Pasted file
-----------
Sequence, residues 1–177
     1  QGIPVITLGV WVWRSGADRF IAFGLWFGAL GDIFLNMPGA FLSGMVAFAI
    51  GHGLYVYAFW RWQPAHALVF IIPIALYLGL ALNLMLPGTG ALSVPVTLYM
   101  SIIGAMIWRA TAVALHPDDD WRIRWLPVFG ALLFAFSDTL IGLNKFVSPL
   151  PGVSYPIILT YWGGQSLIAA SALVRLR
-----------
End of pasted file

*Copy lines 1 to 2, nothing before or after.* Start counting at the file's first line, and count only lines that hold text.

Sequence, residues 1–177
     1  QGIPVITLGV WVWRSGADRF IAFGLWFGAL GDIFLNMPGA FLSGMVAFAI